A lively band with a single-string bass was playing as we walked up the soft black sand beach from the landing on Pentecost Island in Vanuatu. As we continued on a footpath up the hill, a ramshackle tower of sticks and vines came into view, looking like some strange South Pacific modern art sculpture. We found ourselves a place to sit in the shade a short distance from the base of the mysterious tower, and the show began.
Within minutes, scantily-clad men began climbing around the scaffold-like structure, all busily tying and untying, adding sticks and cutting out sticks from the structure. Over the course of the afternoon, men would climb to higher and higher platforms on the tower, have vines carefully tied around their ankles, and then leap fearlessly forward into the air, trusting that the vines would protect them from gravity pulling them at a fatal speed into the ground.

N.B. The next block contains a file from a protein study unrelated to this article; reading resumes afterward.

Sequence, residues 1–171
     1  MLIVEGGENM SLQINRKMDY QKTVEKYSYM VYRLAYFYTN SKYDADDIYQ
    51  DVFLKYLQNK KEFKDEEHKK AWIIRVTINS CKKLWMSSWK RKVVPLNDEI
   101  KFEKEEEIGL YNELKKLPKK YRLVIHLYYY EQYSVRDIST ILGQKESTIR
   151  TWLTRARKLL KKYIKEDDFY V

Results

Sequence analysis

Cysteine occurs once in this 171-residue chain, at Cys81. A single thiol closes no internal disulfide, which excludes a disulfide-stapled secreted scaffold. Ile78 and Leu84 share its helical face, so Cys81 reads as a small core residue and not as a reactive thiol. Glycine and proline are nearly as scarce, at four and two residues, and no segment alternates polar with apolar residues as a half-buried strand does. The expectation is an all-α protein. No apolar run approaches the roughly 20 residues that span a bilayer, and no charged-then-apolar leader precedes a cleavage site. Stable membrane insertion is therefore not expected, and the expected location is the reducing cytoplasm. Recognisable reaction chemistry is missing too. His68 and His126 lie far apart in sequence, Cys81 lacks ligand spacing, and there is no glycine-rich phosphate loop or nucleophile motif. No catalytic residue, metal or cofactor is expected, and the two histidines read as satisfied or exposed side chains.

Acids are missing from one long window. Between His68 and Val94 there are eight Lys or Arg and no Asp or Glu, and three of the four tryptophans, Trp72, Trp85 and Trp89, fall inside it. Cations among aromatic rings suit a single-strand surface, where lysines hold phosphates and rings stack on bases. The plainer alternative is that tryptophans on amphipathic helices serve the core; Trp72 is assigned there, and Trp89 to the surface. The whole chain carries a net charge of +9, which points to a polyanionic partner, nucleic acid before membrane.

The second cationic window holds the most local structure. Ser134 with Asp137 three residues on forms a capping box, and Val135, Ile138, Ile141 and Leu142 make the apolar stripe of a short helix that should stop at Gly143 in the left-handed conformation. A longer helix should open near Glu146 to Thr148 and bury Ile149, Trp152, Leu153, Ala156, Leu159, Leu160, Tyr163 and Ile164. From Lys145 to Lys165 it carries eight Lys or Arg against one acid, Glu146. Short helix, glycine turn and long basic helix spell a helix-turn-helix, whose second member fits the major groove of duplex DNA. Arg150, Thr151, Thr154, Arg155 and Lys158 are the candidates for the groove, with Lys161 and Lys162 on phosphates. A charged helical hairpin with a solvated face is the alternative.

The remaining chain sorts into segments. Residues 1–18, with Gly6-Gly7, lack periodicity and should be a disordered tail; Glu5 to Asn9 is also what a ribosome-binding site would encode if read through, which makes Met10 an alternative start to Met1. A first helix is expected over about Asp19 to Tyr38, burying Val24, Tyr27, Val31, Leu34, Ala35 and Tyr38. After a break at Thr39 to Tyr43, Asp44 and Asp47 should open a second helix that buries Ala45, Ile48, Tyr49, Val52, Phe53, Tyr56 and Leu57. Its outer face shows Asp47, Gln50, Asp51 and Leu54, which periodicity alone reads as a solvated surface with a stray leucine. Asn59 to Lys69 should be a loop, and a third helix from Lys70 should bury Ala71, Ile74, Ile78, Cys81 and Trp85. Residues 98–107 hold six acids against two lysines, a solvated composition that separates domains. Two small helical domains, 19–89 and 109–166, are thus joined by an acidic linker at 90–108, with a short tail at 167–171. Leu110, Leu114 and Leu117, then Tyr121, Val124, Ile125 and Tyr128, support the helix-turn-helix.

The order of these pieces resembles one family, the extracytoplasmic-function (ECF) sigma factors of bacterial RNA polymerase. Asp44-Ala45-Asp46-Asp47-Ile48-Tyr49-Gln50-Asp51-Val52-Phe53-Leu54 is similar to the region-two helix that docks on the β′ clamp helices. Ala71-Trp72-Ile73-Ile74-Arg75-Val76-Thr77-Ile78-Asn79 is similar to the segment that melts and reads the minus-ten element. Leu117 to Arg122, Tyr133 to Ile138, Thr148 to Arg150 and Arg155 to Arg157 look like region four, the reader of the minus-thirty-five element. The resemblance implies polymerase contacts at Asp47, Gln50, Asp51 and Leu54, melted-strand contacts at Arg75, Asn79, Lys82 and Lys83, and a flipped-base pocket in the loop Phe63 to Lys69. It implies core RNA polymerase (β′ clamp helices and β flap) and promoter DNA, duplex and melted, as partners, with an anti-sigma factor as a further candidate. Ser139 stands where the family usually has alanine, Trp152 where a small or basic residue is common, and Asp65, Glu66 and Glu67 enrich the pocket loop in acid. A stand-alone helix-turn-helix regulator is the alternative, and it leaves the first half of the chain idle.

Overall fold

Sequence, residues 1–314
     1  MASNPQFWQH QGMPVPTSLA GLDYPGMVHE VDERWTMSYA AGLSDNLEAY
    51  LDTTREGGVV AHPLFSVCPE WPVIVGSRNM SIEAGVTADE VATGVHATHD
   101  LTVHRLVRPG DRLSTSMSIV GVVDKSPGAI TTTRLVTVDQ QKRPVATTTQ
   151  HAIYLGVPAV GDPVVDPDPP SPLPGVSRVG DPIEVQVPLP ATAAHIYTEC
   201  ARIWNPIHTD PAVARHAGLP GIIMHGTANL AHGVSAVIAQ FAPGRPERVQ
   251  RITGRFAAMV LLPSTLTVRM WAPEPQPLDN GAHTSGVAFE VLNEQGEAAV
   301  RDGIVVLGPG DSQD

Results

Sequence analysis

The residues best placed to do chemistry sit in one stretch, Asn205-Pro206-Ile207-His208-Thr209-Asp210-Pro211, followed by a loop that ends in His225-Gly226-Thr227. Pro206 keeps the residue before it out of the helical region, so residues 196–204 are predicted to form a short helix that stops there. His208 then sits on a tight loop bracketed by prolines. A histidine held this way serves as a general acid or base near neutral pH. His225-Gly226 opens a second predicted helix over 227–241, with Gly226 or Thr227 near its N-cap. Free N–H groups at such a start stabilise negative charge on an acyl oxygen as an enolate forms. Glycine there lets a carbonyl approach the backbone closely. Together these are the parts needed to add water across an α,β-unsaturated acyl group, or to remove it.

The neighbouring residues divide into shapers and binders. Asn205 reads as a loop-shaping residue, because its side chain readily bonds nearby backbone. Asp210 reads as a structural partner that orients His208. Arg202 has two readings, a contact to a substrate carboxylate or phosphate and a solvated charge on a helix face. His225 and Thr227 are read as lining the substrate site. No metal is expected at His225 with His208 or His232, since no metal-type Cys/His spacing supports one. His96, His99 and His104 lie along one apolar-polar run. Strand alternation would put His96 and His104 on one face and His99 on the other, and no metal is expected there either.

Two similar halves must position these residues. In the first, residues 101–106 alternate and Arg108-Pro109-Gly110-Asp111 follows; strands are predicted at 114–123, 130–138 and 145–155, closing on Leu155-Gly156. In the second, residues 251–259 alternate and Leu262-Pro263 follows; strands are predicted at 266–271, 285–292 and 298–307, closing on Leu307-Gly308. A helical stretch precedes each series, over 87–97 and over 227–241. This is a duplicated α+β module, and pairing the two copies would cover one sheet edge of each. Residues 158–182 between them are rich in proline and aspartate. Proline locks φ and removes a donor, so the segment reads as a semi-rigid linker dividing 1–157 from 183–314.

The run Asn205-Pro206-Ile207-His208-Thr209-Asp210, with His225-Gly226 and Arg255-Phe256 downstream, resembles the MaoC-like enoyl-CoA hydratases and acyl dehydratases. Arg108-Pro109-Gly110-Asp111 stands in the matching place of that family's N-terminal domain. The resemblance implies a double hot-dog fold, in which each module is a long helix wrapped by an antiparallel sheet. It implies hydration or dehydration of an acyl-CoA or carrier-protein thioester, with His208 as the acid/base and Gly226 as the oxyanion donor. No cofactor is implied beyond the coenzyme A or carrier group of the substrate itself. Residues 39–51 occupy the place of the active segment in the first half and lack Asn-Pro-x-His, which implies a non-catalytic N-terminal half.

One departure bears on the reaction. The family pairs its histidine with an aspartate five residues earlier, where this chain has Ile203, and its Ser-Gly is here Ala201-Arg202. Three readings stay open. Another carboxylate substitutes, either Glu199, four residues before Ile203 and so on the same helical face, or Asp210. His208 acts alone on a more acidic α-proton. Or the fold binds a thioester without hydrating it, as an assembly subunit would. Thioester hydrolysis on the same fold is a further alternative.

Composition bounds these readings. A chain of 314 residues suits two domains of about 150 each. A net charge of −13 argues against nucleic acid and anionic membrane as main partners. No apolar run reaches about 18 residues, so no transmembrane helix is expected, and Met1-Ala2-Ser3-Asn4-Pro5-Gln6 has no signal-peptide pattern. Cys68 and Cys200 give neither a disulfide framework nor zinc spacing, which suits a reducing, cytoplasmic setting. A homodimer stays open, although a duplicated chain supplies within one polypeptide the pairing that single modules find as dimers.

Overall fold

Pentecost Island is the birthplace of the tradition of nanggol, a land diving ceremony to celebrate the arrival of the first yam harvest, and a ritual that has inspired the modern sport of bungee jumping. For each land diver, careful adjustments had to be made both to each vine and to each individual platform, which needs to break at the right moment to soften the fall.
Eventually, only one platform remained, the highest of all. We watched with mouths agape as this final jumper took his leap of faith. The image of spiraling bodies silhouetted against a blue sky will remain etched in our memories forever.